American Airlines Joins Debt-Market Behemoths | Sidnaz Blog

American Airlines Group Inc.

AAL -0.93%

raised $10 billion of debt last week to repay government loans and keep its business running as the economy recovers. The deal also boosted the company’s debt by about 20%, transferring much of that risk onto debt investors.

American has survived the pandemic by taking on $22 billion of new debt, bringing its total obligations to $50 billion. Borrowing saved the company—and others like Carnival Corp. and AMC Entertainment Holdings Inc.—from bankruptcy, but it comes with higher interest costs that could affect profitability for years to come.

The deal has freed American of its obligations to the U.S. taxpayer and positioned the company to benefit from a potential economic boom the likes of which Wall Street hasn’t seen in decades. Economists have boosted forecasts for economic growth this year to about 6% in response to the $1.9 trillion Covid-19 relief package Congress passed this month. American’s shares have risen 55% this year as domestic travel bookings picked up.

“For the first time since the crisis hit…we at American are not looking to go raise any money,” American’s chief executive,

Doug Parker,

said Monday at a conference hosted by JPMorgan Chase & Co. Even after accounting for roughly $30 million of cash burned each day, American expects to have $17 billion of liquidity at the end of March and no major debt coming due until 2023.

Mr. Parker called the $6.5 billion of bonds and $3.5 billion of loans American issued on March 10 “the largest transaction in the history of commercial aviation.” If the transactions are completed on March 24, as expected, American would have enough debt to rank as the second-largest borrower in a widely followed index of corporate loans, up from 16th in January 2020, according to data from S&P Global Market Intelligence.

CEO Doug Parker called American Airlines’ March 10 deal ‘the largest transaction in the history of commercial aviation.’


alex edelman/pool/Shutterstock

“You’ve done a fantastic job raising liquidity,” JPMorgan analyst

Mark Streeter,

told Mr. Parker at the conference. “The one thing that hasn’t changed, though, is you still have this massive debt burden.” Investors still ask Mr. Streeter, “‘Isn’t some sort of an American restructuring inevitable?’,” he said.

American already had more debt than competitors such as Delta Air Lines Inc. and United Airlines Holdings Inc. before the pandemic because it had borrowed for share repurchases and to modernize its fleet—part of a then-record surge in corporate-bond sales. The coronavirus briefly disrupted debt markets before intervention by the Federal Reserve and the advent of vaccines stoked appetite from investors who are earning minimal yields on government bonds, boosting corporate-debt issuance to new highs.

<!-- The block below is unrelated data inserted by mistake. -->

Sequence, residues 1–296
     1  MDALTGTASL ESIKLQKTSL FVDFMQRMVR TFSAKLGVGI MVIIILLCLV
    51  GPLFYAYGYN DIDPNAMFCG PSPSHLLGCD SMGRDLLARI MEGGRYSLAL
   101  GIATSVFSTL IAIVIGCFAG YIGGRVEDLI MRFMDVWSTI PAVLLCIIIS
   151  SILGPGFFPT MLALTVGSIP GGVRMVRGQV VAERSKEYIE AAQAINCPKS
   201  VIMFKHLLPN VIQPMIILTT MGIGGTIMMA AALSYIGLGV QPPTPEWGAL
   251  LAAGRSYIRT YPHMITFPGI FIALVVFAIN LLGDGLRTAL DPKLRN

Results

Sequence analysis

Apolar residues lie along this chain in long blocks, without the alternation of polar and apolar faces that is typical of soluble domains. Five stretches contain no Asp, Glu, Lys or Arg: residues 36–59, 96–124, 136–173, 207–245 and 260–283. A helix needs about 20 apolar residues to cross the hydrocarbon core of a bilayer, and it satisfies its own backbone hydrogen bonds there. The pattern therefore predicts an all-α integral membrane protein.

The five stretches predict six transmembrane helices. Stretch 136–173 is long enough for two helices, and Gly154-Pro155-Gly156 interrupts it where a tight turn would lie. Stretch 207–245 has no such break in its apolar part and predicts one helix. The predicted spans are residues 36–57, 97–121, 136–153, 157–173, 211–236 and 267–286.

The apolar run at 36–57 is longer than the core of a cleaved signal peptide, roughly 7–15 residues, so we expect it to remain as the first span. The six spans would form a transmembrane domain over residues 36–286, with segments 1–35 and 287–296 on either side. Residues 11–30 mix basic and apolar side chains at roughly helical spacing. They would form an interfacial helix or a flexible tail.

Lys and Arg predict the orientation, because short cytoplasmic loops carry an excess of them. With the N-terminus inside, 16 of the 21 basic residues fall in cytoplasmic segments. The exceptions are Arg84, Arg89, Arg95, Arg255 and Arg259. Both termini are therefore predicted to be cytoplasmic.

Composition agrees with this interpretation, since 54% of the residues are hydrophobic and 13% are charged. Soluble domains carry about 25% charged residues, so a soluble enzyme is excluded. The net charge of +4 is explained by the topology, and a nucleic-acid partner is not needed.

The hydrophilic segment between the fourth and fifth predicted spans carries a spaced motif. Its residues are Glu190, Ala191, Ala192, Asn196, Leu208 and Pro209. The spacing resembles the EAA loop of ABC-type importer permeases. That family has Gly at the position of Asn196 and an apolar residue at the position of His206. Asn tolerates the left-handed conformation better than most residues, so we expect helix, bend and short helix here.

The new financing, which is backed by American’s frequent-flier program, offered a blended yield of about 5.66% and attracted about $45 billion of orders from investors, people familiar with the matter said. Comparable Delta Air Lines bonds traded at a yield of around 3% at the time, according to data from MarketAxess.

Sound Point Capital Management bought into American loans in recent months because they offer attractive yields given the company’s improving outlook and the dwindling risk of bankruptcy, said

Rick Richert,

head of the firm’s U.S. loan-investing unit. Still, Sound Point is buying only loans backed by valuable assets, like the frequent-flier program and American’s South American routes, which will hold their value better in a downturn, he said.

Others are lending to American indirectly in private markets. Oaktree Capital Management LP has committed to invest $350 million this year in aircraft-leasing company Azorra Aviation Holdings and their first deal is a $60 million financing of regional jets for American, people familiar with the matter said. Returns on private-equity investments in aircraft leasing range from 12% to 15%, they said.

The new deal increases American’s debt load by 20%.


Michael Laughlin/Sun Sentinel/Zuma Press

Some investors worry that even when the pandemic recedes, the business travel that makes up a large portion of American’s business might not fully recover.

“One of the key questions coming out of all this is, If you’re a travel-related business, will you ever be worth what you were pre-Covid or will you be worth, say, 70% of pre-Covid levels?” said

Art Penn,

founder of corporate credit fund manager PennantPark Investment Advisers.


When was the last time you were in a plane? Do you have any plans to return to flying? Join the conversation below.

American’s balance sheet is a concern because the airline industry is prone to booms and busts—most large U.S. carriers filed for bankruptcy over the past two decades—and the bigger the debt burden is, the less cushion there is to weather lean times. The new debt deal will boost American’s annual interest expense by $500 million to $600 million, said Mr. Parker, the CEO.

That will be offset by $1.3 billion of cost savings the company achieved over the past year through management cuts and labor changes, and American plans to start paying down debt once it starts generating cash again. The timing depends on when the company sees itself emerging from the pandemic and entering a sustained recovery, Chief Financial Officer

Derek Kerr

said at the conference.

Airports in Paris and Singapore as well as airlines including United and JetBlue are experimenting with apps that verify travelers are Covid-free before boarding. WSJ visits an airport in Rome to see how a digital health passport works. Photo credit: AOKpass

Write to Matt Wirz at [email protected]

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